Now, there's nothing wrong with Brooks using Dalrymple's translation, or even relying on his ideas. But isn't Brooks implying some broader knowledge of the topic at hand? Look again at his citation: "Most of the lyrics can't be reprinted in this newspaper, but you can get a sense of them from, say, a snippet from a song from Bitter Ministry." That "say" suggests that Brooks has any number of examples at his fingertips. The truth is, it's probably one of only two French rap lyrics he's ever heard—or, rather, read. The other he cites is the invective of "Mr. R," who, needless to say, the French know as Monsieur R. And lo and behold, a quick Google search turns up "France's Homegrown Gangstas," from the Sept. 28, 2005, issue of the Weekly Standard (where Brooks is an editor), which features the exact same English translation of lyrics from Monsieur R's "Fransse."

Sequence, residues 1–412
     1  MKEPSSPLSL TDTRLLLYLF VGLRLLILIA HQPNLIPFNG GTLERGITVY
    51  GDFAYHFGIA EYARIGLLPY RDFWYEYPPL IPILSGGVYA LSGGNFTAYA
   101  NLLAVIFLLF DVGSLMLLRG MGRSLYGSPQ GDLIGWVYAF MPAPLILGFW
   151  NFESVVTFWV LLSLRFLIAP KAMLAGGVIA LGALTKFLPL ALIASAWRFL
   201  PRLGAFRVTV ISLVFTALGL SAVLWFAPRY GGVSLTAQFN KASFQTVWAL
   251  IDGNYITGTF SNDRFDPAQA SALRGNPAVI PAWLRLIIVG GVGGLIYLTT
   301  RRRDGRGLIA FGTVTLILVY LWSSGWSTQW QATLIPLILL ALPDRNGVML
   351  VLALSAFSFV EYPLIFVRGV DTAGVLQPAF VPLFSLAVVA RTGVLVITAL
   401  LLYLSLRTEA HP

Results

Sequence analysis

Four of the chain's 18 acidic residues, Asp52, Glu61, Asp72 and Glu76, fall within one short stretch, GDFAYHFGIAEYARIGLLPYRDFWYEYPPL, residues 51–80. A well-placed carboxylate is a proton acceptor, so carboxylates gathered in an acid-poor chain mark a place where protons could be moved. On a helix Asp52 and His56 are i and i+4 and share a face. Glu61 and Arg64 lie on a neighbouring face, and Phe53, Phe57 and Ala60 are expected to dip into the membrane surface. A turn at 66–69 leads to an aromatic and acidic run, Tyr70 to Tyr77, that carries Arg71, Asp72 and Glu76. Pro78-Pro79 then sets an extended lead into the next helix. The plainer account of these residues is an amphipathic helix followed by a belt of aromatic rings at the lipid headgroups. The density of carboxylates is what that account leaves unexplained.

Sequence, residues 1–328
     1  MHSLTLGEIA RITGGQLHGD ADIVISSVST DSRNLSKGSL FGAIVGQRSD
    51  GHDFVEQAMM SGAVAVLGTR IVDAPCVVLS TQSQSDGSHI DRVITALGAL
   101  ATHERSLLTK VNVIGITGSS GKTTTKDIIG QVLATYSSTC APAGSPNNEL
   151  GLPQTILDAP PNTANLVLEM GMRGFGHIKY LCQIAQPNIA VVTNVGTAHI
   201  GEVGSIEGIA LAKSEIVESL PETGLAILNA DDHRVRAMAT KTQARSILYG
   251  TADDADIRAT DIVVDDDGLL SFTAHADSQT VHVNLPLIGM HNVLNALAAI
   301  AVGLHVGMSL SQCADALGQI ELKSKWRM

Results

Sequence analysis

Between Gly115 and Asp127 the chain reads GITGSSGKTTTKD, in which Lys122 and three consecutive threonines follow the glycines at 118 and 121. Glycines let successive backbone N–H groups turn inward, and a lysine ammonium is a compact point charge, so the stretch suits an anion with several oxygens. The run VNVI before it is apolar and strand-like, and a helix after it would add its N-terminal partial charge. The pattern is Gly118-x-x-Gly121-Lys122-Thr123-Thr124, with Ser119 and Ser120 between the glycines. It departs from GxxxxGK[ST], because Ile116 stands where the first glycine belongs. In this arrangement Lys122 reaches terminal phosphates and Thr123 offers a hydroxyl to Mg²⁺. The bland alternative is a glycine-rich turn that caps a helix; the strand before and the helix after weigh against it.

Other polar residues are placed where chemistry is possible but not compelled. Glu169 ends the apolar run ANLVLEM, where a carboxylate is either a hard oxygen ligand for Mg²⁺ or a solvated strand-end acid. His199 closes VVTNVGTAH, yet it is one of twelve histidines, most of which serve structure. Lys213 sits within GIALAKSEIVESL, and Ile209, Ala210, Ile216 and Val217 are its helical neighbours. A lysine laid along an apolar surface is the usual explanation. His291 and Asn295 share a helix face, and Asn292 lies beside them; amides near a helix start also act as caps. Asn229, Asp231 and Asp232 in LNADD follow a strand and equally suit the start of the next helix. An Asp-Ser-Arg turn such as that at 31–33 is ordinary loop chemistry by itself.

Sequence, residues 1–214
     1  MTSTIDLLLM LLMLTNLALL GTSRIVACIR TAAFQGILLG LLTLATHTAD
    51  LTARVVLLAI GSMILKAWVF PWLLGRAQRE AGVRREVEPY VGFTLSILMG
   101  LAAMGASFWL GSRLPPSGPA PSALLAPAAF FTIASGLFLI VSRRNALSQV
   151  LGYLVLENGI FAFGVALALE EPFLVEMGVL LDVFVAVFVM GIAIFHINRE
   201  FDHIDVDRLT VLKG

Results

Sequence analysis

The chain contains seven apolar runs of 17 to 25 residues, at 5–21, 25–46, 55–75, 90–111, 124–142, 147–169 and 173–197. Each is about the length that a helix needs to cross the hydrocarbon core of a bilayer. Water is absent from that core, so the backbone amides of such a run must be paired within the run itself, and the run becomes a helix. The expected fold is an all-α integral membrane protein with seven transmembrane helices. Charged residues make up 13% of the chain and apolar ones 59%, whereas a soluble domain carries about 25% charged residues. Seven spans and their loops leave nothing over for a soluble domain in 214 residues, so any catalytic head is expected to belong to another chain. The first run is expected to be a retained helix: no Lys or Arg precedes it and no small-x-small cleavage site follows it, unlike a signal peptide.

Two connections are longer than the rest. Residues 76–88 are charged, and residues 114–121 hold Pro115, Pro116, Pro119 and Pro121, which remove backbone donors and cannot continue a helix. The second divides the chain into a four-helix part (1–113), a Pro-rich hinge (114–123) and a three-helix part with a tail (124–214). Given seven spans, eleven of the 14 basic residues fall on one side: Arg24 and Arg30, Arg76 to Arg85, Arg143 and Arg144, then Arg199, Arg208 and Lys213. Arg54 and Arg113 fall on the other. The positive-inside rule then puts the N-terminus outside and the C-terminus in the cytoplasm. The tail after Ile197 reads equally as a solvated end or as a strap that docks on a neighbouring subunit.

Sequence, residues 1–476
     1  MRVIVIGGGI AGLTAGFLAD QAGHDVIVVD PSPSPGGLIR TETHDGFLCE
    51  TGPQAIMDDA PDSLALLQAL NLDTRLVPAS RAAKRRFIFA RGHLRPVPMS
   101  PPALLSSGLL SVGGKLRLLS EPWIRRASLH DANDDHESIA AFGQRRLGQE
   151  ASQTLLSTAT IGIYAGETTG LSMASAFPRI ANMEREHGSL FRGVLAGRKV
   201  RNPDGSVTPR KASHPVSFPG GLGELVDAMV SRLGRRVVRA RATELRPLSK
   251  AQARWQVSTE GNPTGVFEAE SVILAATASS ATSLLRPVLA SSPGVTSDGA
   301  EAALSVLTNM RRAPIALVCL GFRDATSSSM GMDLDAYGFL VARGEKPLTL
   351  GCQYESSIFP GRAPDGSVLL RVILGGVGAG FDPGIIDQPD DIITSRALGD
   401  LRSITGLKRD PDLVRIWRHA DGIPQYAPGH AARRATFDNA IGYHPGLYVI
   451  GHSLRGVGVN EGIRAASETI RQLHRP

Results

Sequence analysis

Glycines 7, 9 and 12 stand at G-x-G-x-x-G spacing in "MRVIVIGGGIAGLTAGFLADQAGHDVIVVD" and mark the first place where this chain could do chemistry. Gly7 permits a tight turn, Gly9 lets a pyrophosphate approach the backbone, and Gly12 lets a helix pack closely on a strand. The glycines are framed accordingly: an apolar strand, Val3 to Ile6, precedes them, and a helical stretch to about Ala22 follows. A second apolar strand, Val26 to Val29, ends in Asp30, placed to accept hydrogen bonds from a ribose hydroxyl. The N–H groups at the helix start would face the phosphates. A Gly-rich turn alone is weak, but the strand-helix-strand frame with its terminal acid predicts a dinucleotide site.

The crime here isn't just laziness. It's tackiness and gall. Did Brooks bother to notice that the rappers whose songs he cites in his piece about "the future of Islam" aren't Muslim at all, but two black Frenchmen and one black Belgian? There's a word for this kind of stuff. "Mr. R," I suspect, would call it teubé.
Correction, Nov. 18, 2005: The original version of this article misspelled the Brazilian music genre baile funk as "baille" funk; the album "Pourquoi Tant de Haine" as "Pourqoui Tant de Haine"; and the rapper Stomy Bugsy as "Stormy Bugsy." These errors have been fixed.